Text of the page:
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Tech booms in the GCC, but women in danger of being excluded

While tech startups in the Middle East are booming, Arab women remain poorly represented in the industry, say analysts. (Supplied)
While tech startups in the Middle East are booming, Arab women remain poorly represented in the industry, say analysts. (Supplied)
While tech startups in the Middle East are booming, Arab women remain poorly represented in the industry, say analysts. (Supplied)
While tech startups in the Middle East are booming, Arab women remain poorly represented in the industry, say analysts. (Supplied)
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18 May 2022 04:05:20 GMT9
18 May 2022 04:05:20 GMT9
  • US, Saudi Arabia have similar rates of women in tech, yet experts say more should be done to boost diversity
  • How Middle East women can capitalize on GCC tech boom was discussed at Arab Women Forum

Rebecca Anne Proctor 

DUBAI: Tech is one of the fastest growing industries in the world, and the Arab Gulf is increasingly viewed as one of its global centers. At the heart of the region’s tech scene is Dubai, dubbed the “tech hub of the Arab world.”

The UAE’s commercial capital continued to grow over the course of the COVID-19 pandemic, in part, perhaps, because of its decision to keep its borders open while most of the world went into prolonged lockdowns.

But this continued growth is also the result of the rising number of technology startups drawn to the UAE, Dubai’s appeal for entrepreneurs and its ability to woo international venture capital firms.

According to Dubai-based research platform Wamda, investments in Middle Eastern tech firms, excluding those in Israel, quadrupled to $2.87 billion last year — with roughly half of that capital flowing into the UAE.

Dubai is now home to several tech startups worth at least $1 billion — known in the business community as “unicorns” for their statistical rarity.

These include Vista Global, a private aviation platform; Kitopi, a cloud kitchen platform; and Emerging Markets Property Group, which manages classified listing websites in Egypt, the UAE and elsewhere.

Yet, despite the burgeoning success of tech startups in the Middle East, Arab women remain poorly represented in the industry.

Despite female involvement in the Emirates Mars Mission, which successfully placed a probe in orbit around the red planet in February 2021, “the lack of presence in this region of women in tech is very visible,” Dr. Nour E. Raouafi, a project scientist with NASA’s Parker Solar Probe Mission, told Arab News.

“If you look at some domains, like space where I am working, the participation of women is not at the level where it should be,” Raouafi added, speaking ahead of his appearance on a panel at the Arab Women Forum, which took place in Dubai on May 17.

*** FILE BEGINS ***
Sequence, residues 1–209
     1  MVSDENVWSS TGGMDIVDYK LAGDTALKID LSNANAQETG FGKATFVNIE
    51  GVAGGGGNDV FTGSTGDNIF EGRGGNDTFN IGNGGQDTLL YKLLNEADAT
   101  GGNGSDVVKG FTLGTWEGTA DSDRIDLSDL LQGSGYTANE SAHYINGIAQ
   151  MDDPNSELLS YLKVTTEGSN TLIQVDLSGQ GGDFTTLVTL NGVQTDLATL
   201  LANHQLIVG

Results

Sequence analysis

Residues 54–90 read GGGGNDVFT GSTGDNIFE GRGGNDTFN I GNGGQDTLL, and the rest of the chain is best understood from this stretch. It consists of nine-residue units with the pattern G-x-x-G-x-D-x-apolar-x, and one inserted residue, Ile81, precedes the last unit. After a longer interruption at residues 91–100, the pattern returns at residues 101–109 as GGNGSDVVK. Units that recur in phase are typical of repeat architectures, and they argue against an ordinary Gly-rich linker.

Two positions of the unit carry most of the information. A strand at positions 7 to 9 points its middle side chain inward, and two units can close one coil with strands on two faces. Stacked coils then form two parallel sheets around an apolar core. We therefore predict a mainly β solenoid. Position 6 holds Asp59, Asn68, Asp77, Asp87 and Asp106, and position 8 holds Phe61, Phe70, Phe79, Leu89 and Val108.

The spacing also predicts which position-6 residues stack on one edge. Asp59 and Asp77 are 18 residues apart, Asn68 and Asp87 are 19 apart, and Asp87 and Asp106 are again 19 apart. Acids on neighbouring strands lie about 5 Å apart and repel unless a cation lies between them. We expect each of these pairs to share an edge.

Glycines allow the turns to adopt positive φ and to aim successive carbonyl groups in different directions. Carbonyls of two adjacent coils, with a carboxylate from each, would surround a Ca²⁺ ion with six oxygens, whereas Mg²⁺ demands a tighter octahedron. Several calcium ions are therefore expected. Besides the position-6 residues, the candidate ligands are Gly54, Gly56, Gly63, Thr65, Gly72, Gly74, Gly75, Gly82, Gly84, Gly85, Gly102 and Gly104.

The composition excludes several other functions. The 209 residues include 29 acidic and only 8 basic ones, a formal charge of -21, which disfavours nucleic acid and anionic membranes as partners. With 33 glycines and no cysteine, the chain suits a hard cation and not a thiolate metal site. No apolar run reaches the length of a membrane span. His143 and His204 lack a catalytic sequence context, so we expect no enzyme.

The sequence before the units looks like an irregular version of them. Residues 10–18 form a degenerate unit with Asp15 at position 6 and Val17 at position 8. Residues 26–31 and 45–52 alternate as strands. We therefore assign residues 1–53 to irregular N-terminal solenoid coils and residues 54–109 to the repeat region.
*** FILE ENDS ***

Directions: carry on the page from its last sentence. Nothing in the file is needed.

According to Endeavor Insight, Saudi Arabia and the US boast a similar participation rate among women in the science, technology, engineering and mathematics fields, known as STEM, at 28 percent. This is higher than the UK, which has a rate of just 22 percent.

Nevertheless, experts believe there is far more work to be done to encourage more women to pursue degrees and careers in STEM fields, both in the Arab world and globally.

“We should be striving toward equality at all levels — from management downward — and the best way to do this is to start from the grassroots, from colleges and schools, and to encourage young women to work in space and other fields of tech by providing fellowships and other incentives,” said Raouafi

There are reasons for optimism. Measures designed to enhance the business environment in the Gulf and to eliminate gender discrimination in the workplace are already moving things in the right direction.

“Young professionals, women and men, are now flocking to the Middle East while working for European or US based technology companies,” Philippe Blanchard, founder of Futurous, told Arab News.

“Concrete actions have been taken by the GCC leadership, in support of the IT industry, in setting up an efficient education system, as well as tackling the gender pay gap such as in the UAE, Saudi Arabia and Bahrain.”

However, social perceptions remain an obstacle. “Technology is still considered a man’s world, but there are opportunities to change the mindset,” said Blanchard.

For example, “ensuring the parents, the school teachers and university professors are not pushing specific curriculum based on gender — like nurses for young women and engineers for young men.”

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